Vera S. Candiani, “The Desagüe Reconsidered: Environmental Dimensions of Class Conflict in Colonial Mexico,” Hispanic American Historical Review 92, no 1 (2014), 6.
 See Candiani, Dreaming of Dry Land.
 Candiani, “The Desagüe Reconsidered,” 15.
 Linda Curcio-Nagy, “Sor Juana Inés de la Cruz and the 1680 Viceregal Entry of the Marquis de la Laguna into Mexico City” Europa Triumphans: Court and Civic Festivals in Early Modern Europe: Volume II, edited by J.R. Mulryne, Helen Watanbe-O’Kelly, and Margaret Shewring (Hampshire, England: MHRA and Ashgate, 2004), 353.
 Curcio-Nagy, “Sor Juana” 353.
 Anna More, Baroque Sovereignty: Carlos de Sigüenza y Góngora and the Creole Archive of Colonial Mexico (Philadelphia: University of Pennsylvania Press, 2012), 114-115. As Cañeque and others point out, though the use of Nahua imagery in such a public, diplomatic ceremony was indeed unheralded, the arch’s aesthetic and literary frame placed the figures firmly within European convention. Mixing of European and indigenous figures was not completely anathema in New Spain. The 1680 pageant of Querétaro, which Sigüenza y Góngora published a description of, included large parade figures of indigenous gods and the King of Spain. Indigenous arches, too, mixed imagery. In 1593, for example, Curcio -Nagy notes that an indigenous arch at the Chapel of Saint Joseph “depicted the Nahua eagle on a cactus being ridden by Saint Francis.” Chapel decorations included “pre-Conquest scenes and the ancient rulers of Tenochtitlan.” Linda A. Curcio-Nagy, The Great Festivals of Mexico City: Performing Power and Identity (Albuquerque: University of New Mexico Press, 2004), 173, n19.
 My summaries of the paintings are drawn from Sigüenza y Góngora’s published description of his work. See Carlos de Sigüenza y Góngora, Teatro de Virtudes Políticas que constituyen a un principio. . . Mexico: Por la Biuda de Bernardo Calderon, 1680. Reprinted in Carlos de Sigüenza y Góngora, Obras Históricas, edited by Jose Rojas Garciduenas, (Mexico DF: Editorial Porrua, 1960), 229-361..
 Mundy, 64.
 Curcio-Nagy, “Sor Juana” 366.
 See Curcio-Nagy, “Sor Juana,” and Sabat-Rivers, for example. The depiction of Laguna as Neptune was repeated in 1683, with the arrival of the new archbishop and his entry into Mexico City. See Maza, 121-134.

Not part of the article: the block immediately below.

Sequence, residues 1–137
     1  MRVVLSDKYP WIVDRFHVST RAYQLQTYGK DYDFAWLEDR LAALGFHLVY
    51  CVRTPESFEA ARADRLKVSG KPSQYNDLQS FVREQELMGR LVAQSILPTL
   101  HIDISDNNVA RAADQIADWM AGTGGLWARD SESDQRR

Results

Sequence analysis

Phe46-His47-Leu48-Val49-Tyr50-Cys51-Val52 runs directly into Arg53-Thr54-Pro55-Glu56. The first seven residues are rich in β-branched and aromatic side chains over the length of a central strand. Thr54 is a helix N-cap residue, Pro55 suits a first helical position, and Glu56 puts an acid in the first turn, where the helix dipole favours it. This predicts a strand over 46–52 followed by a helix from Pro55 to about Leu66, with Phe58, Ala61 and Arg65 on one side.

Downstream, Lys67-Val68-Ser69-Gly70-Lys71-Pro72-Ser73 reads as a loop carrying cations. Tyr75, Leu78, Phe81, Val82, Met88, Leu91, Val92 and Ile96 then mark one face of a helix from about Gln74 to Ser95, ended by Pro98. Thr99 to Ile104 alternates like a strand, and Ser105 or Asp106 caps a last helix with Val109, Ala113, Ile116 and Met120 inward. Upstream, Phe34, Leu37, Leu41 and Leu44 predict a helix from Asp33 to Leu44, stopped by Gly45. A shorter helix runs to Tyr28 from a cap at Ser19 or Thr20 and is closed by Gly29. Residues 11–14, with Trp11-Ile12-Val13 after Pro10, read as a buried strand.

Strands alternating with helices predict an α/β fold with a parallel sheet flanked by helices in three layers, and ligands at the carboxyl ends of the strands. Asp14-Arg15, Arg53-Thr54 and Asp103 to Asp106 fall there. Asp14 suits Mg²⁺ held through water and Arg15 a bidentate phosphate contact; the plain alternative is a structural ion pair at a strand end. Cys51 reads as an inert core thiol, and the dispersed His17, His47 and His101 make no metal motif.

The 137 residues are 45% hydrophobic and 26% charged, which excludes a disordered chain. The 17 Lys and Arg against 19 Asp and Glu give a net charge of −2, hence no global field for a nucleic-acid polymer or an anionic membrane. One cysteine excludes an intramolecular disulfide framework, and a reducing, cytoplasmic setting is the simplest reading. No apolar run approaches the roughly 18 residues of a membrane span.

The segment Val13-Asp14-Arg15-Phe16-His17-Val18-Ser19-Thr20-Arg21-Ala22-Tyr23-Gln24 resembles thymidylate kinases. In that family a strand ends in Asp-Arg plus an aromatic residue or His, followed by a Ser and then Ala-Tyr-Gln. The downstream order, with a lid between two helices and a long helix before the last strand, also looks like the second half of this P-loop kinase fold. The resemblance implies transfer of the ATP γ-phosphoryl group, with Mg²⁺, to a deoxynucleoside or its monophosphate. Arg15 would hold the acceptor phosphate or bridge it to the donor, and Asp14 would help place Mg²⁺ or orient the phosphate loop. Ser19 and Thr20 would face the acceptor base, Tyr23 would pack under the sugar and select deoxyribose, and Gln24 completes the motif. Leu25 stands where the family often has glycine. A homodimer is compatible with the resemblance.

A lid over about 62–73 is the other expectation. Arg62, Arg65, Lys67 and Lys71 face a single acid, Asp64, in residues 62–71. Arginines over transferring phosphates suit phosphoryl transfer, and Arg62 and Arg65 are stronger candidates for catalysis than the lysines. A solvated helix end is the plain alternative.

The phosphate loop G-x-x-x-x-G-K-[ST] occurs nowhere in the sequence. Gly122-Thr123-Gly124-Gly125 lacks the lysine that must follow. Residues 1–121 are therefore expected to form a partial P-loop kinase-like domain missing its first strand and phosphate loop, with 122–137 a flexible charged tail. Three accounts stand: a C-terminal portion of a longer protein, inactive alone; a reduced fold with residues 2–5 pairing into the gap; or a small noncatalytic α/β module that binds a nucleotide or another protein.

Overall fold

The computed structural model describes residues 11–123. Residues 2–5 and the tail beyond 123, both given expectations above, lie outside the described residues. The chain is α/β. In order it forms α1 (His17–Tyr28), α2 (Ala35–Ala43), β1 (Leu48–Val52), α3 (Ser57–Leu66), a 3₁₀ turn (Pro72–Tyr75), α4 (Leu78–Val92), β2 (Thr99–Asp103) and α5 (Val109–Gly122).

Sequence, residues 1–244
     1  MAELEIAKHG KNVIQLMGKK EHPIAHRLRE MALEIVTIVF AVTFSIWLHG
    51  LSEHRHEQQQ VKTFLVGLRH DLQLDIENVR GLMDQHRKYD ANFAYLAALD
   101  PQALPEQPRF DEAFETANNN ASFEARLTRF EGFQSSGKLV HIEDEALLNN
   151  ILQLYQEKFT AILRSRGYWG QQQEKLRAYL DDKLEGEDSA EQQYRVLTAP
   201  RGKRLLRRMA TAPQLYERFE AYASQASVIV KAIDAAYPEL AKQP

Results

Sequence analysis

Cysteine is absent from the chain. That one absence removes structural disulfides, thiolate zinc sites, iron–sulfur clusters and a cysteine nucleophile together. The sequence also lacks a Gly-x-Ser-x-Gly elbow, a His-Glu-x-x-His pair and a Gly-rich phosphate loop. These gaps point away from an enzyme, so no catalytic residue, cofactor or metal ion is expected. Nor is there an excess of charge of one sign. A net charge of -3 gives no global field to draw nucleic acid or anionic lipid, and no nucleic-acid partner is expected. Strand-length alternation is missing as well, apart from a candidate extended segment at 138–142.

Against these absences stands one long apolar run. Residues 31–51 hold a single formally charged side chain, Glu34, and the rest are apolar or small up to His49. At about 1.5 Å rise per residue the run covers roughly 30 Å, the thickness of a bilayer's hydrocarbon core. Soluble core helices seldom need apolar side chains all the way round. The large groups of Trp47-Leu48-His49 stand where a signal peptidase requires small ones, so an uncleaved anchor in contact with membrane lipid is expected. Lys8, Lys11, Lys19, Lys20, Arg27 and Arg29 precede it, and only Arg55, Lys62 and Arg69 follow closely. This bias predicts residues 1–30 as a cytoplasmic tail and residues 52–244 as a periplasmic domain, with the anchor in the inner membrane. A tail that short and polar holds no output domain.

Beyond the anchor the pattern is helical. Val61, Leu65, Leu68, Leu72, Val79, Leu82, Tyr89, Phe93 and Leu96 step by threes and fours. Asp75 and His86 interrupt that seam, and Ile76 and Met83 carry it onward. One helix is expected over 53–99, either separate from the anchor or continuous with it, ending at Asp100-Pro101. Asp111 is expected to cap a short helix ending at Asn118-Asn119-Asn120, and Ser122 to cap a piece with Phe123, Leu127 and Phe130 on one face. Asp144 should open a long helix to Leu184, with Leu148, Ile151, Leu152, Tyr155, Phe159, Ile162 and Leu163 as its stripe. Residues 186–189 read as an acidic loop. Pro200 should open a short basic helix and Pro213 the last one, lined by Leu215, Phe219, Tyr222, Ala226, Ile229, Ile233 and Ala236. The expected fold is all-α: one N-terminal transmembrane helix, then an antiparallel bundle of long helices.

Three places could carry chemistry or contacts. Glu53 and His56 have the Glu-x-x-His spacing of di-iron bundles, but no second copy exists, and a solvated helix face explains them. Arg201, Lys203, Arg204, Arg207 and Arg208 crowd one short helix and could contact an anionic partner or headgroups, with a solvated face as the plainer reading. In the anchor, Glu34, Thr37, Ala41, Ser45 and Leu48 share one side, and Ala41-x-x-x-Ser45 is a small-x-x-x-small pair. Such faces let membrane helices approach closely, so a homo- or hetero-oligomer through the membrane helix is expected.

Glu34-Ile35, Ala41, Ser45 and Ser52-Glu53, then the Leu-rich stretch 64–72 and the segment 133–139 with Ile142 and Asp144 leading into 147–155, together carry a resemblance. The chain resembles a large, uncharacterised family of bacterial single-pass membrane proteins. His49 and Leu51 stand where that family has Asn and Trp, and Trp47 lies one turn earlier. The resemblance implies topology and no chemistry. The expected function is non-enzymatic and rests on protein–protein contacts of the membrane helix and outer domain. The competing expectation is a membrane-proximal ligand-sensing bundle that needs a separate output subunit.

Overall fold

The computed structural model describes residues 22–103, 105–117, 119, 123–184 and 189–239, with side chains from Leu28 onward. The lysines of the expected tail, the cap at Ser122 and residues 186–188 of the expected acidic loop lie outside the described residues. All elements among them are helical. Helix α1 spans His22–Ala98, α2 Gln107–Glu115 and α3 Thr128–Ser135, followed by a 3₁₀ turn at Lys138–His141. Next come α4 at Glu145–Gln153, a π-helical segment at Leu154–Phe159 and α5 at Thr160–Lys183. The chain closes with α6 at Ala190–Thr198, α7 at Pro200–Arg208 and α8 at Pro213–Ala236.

Simon L. Lewis and Mark A. Maslin, “Defining the Anthropocene,” Nature vol. 519 (March 2015), 171.
 Lewis and Maslin, 174.
 Alfred W. Crosby, Jr., The Columbian Exchange: Biological and Cultural Consequences of 1492 (Westport CT: Greenwood Press, 1972), 73. Chakrabarty, in “Four Theses,” critiques Crosby.
 See, for example, Elinor G.K. Melville, A Plague of Sheep: Environmental Consequences of the Conquest of Mexico (Cambridge: Cambridge University Press, 1997).
 Wendt makes a similar case: “studies of the historical evolution of the Anthropocene can offer a new interpretation of the histories of Spanish and Portuguese colonial empires, as long as it avoids falling into conventional narratives of industrialization and modernization.” Helge Wendt, “Epilogue: The Iberian Way into the Anthropocene” in The Globalization of Knowledge in the Iberian Colonial World, edited by Helge Wendt (Berlin: Max Planck Institute Open Access Edition, 2016), 298.
“Towards a Synthesis of Natural and Human History: Situating the Municipal and Ecclesiastic Viceregal Arches of 1680 Mexico City within the Lacustrine” by Lisa Jackson-Schebetta
The Journal of American Drama and Theatre
Volume 29, Number 2 (Spring 2017)
©2017 by Martin E. Segal Theatre Center
Co-Editors: Naomi J. Stubbs and James F. Wilson
Advisory Editor: David Savran
Founding Editors: Vera Mowry Roberts and Walter Meserve
Managing Editor: Curtis Russell
Editorial Assistant: Christine Snyder
Michael Y. Bennett
Tracey Elaine Chessum
Amy E. Hughes
Esther Kim Lee
Table of Contents:
- “Staying with the Trouble: Ecodramaturgy in the AnthropoScene” by Theresa J. May
- “Food Futures: Speculative Performance in the Anthropocene” by Shelby Brewster
- “Towards a Synthesis of Natural and Human History: Situating the Municipal and Ecclesiastic Viceregal Arches of 1680 Mexico City within the Lacustrine” by Lisa Jackson-Schebetta
- “The Anthropo(s)cenography of Ricardo Monti’s Marrathon” by Milton Loayza
- “Searching for Solutions: Humanizing Climate Narratives in an Age of Global Change and Connectivity” by Clara Jean Wilch
Martin E. Segal Theatre Center:
Frank Hentschker, Executive Director
Marvin Carlson, Director of Publications
Rebecca Sheahan, Managing Director
©2017 by Martin E. Segal Theatre Center
The Graduate Center CUNY Graduate Center
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New York NY 10016
One thought on “Towards a Synthesis of Natural and Human History: Situating the Municipal and Ecclesiastic Viceregal Arches of 1680 Mexico City within the Lacustrine”
This is an amazing article. I learned so much about the Mexica (read Aztec) culture and especially aqua-technology, if I can call it that. The field of the “anthropocene”–is a term that is totally new to me. Beautifully written, as always, by Prof. Lisa Jackson-Schebettea, this will give scholars much to discuss and appreciate.